SE133 Pastoral mobility and working animal welfare in a changing landscape: Why policies should support adaptive initiatives to facilitate mobility, resource access and animal welfare.

Organizers

  • FAO
  • The Donkey Sanctuary
  • World Horse Welfare

Mobility is an important characteristic of pastoral societies and their livestock production. Historically interpreted as non-economic actors, pastoralists are an important part of widely valued local and cross-border trade, providing services and products as well as enacting natural resource management through strategies such as transhumance. Such strategies enable pastoralists to derive both agricultural and social benefits, while enabling economic sustainability and food security.

Moving with their herds, pastoralists are able to nurture a rich pool of animal and vegetal genes, to increase and preserve biodiversity and to improve soil fertility. They also develop social interactions with other stakeholders to gain access to markets where they sell animal-based products. Development of such links enables the labour and livestock migrations that are important for renewal within pastoral systems.

Key speakers/presenters

  • H.E. Mohammad Hossein Emadi – Ambassador and Permanent Representative, Permanent Mission of I.R. Iran to the UN Agencies in Rome
  • Sibiri Jean Zoundi – Sahel and West Africa Club Secretariat/ OECD
  • Michael Odhiambo – People, Land and Rural Development organization, Kenya   
  • Engin Yilmaz – Yolda Initiative, Turkey
  • Verdiana Morandi – RETE Appia Italy/ WAMIP
  • Rebecca Whay – The Donkey Sanctuary/ World Horse Welfare

Main themes/issues discussed

This side-event brought together leading actors and stakeholders to discuss issues related to legislation, policies and governance of pastoral mobility and working animal welfare.

Main issues discussed include:

The regional governance mechanisms and policy frameworks facilitating peaceful cross-border transhumance in the West Africa region and East Africa region

Pastoral mobility policies or regulation practices within the East Africa Region making reference to the on-going consultations of the draft IGAD protocol for a peaceful transhumance in the IGAD states

An overview of mobile pastoralism and its constraints in the Mediterranean region

Positive and negative interactions of mobile pastoralism and nature conservation

The importance of mobile pastoralism for food security of pastoral livelihoods

The consequences and impact of impeding mobility on pastoral production systems and animals

Understanding animal welfare in the context of pastoralism

Working animals’ important contribution to mobile pastoralist systems

Summary of key points

The side-event provided a greater understanding of pastoral mobility across the world; creating a forum for knowledge sharing on pastoral mobility experiences, policies, legislation and governance; highlighting the key role of pastoralist systems for the environment, food security and animal welfare.

Mobile pastoralism proves to be highly beneficial to the environment, regulating ecosystem services, and providing food in the world’s most fragile landscapes. With limited resources and use of local knowledge and experience, high quality and organic animal products are produced from this mobile system. Despite this, mobile pastoralism is in decline, not only in the Mediterranean region but also globally, due to fragmentation of landscapes.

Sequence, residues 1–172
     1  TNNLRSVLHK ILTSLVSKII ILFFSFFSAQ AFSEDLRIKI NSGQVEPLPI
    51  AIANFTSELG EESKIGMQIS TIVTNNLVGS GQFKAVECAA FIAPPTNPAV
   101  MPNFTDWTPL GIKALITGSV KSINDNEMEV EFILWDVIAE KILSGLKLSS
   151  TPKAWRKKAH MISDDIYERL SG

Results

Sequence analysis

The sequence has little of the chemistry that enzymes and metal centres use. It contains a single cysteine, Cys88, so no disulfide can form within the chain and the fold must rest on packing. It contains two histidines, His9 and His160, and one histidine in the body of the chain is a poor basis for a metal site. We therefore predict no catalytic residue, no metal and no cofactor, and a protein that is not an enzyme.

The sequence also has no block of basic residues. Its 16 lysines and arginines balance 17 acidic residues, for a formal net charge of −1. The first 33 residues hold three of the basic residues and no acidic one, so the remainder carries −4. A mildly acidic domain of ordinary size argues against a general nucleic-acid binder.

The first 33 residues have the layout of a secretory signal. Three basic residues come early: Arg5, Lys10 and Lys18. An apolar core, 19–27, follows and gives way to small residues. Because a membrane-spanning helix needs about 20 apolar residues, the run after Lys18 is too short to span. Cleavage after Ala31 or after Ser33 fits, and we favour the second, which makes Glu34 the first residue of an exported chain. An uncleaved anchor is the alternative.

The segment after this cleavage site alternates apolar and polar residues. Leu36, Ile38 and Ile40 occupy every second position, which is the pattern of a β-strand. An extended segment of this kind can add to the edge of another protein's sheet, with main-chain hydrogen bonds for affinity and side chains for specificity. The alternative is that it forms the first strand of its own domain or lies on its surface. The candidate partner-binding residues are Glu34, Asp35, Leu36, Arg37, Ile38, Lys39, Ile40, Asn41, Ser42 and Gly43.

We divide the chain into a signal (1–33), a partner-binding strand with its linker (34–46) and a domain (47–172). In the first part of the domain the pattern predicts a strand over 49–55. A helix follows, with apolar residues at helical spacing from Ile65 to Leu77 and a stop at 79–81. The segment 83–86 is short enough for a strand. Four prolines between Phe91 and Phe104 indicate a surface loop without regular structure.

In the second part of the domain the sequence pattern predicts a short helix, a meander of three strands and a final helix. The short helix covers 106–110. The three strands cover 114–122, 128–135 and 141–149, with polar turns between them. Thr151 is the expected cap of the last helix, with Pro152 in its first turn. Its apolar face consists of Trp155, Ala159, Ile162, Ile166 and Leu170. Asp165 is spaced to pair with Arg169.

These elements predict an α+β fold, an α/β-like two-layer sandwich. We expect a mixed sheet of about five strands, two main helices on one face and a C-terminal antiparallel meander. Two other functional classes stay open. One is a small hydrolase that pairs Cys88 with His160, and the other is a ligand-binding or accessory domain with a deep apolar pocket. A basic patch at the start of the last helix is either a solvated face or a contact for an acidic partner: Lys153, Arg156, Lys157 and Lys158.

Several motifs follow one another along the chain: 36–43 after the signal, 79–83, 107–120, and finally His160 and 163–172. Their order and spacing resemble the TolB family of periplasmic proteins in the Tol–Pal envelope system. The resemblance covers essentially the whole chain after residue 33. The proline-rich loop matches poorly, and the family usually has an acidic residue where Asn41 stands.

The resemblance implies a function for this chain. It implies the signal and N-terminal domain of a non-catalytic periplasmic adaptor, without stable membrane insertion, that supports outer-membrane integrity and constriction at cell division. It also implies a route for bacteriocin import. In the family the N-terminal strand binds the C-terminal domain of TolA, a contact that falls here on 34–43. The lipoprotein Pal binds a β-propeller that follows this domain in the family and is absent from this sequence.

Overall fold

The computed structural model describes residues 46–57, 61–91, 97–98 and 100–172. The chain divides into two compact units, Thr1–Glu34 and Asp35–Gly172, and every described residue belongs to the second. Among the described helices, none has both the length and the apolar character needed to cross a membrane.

Regional policies and mechanisms that facilitate and promote peaceful transhumance are key in securing pastoral mobility globally. The regional mechanisms in West and East Africa – including the draft IGAD protocol and the ECOWAS regional transhumance mechanism – show the progress being made to achieve successful transhumance across borders.

Amidst this, the dependence on working animals by pastoralists is immense. These animals contribute greatly to the work of pastoral women providing labor hence; their welfare is of key concern. Policies should be enacted to support adaptive initiatives that facilitate pastoral mobility, resource access and animal welfare.

Key take away messages

The different forms of pastoral mobility include: vertical mobility - from winter pastures in the valleys to summer pastures in the mountains – and, horizontal mobility – for example, from rainy season pastures in the northern Sahel to dry season pastures in the southern Sahel

Recognition and inclusion of pastoral mobility in national and regional policies and legislation is key for facilitation of peaceful cross-border transhumance.

A strong political will and a bottom-up initiative, from pastoralist organizations, are some of the major push factors for setting up regional transhumance protocols.

Statistics and evidence should support planning and implementation of transhumance protocols.

Governments need to enact policies and regulations on mobility to manage the interactions between pastoralist and non-pastoralist land users thereby, avoid conflicts and contain environmental degradation.  

Mobile pastoralism proves to be five times more beneficial to the environment; a growing evidence in the field of pastoralism studies supports this.

Working animals are important to pastoralist and especially pastoralist women as they generate security for livelihoods, provide labor and transport.

Working animals and pastoralist women are interdependent, yet they are both marginalized. It is essential to invest in working animals and their welfare, to recognize their value to pastoral economies and women.

CFS 46 Side Event: SE133 Pastoral mobility and working animal welfare in a changing landscape

 

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